When caught, organizations that violated laws usually end up in bankruptcy, or pay the fines and recover. But companies who lack integrity, especially technology companies who rely on innovation, seldom recover. They are sold at bargain prices, dismantled, or shrink to a fraction of their former value.

The most admired and successful companies are in a similar but positive cycle: Apple, Google, Berkshire Hathaway, and Amazon. Google gave up market share and potentially billions in revenue to avoid censorship in China but the stock is at near record heights. Winners attract the best minds, who seek not just big paychecks and stock options, but belonging to an organization they can be proud of.

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Source by U Bockli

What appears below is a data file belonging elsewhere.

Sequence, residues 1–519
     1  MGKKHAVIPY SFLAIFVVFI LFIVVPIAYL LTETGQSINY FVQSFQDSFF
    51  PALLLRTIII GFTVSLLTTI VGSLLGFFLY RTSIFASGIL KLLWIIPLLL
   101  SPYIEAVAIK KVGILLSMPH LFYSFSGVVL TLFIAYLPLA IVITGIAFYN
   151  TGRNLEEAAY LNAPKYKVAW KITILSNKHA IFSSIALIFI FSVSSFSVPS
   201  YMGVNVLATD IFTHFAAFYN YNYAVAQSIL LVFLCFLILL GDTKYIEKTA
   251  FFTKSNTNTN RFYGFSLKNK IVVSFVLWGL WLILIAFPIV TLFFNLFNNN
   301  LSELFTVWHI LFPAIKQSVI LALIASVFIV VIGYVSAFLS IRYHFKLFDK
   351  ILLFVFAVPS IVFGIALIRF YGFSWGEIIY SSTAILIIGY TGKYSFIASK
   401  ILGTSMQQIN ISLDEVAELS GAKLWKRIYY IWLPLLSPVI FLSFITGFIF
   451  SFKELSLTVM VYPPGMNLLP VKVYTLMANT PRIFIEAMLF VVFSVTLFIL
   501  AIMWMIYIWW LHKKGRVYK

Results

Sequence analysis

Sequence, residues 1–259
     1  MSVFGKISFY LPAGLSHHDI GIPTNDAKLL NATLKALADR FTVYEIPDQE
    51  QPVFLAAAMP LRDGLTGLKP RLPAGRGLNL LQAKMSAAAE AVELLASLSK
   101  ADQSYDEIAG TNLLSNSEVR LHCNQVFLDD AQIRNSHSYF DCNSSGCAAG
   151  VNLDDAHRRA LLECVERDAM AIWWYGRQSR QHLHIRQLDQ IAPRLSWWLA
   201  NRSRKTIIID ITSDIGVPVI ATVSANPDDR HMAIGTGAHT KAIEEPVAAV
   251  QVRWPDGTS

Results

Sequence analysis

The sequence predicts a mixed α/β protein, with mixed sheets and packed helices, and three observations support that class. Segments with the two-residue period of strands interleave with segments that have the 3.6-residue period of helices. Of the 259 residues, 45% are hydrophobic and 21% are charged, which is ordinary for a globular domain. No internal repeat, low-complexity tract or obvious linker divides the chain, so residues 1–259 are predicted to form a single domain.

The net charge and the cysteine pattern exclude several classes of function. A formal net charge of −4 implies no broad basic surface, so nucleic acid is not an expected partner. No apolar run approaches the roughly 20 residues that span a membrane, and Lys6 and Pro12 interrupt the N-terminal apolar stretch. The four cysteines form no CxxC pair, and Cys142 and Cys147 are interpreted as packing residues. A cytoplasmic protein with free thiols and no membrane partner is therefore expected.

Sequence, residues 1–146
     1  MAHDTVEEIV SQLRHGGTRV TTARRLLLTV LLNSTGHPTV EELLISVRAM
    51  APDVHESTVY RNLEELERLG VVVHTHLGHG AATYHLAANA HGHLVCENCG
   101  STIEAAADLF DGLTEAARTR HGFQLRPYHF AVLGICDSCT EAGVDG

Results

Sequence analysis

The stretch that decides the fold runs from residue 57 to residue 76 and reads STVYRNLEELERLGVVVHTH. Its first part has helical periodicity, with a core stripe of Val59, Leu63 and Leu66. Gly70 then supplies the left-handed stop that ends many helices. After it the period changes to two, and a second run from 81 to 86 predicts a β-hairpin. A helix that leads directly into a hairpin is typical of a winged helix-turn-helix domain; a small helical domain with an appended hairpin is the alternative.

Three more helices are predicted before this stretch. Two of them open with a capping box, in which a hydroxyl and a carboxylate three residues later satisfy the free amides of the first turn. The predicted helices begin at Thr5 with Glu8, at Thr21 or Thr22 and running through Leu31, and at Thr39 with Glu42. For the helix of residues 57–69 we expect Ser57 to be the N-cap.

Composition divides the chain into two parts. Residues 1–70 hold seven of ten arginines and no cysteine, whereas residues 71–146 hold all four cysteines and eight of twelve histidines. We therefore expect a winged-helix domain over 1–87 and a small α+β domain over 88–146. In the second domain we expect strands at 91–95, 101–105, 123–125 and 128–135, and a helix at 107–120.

Duane Bryer's Hilda – First Illustrated Plus Size Pin Up Girl

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The Pin Up Girl

Before we talk about the curvy, swervy, plus-size-bikini-clad Hilda, the stage is going to be set with a little history of the pin up girl. I'll take you back in time now, with a short story about a few of the most talented and popular Pin Up illustrators in American history.

Earl Christy, (1883-1961)
We'll begin with the prolific Earl Christy, who's porcelain-doll-like illustrations appeared on everything from Hollywood magazine covers and commercial advertisements to sheet music and postcards. His work can be found going back as early as 1906. His movie posters and covers are painted for "Photoplay" and other Hollywood magazines are now valuable collector items.

Earl Moran (1893-1984)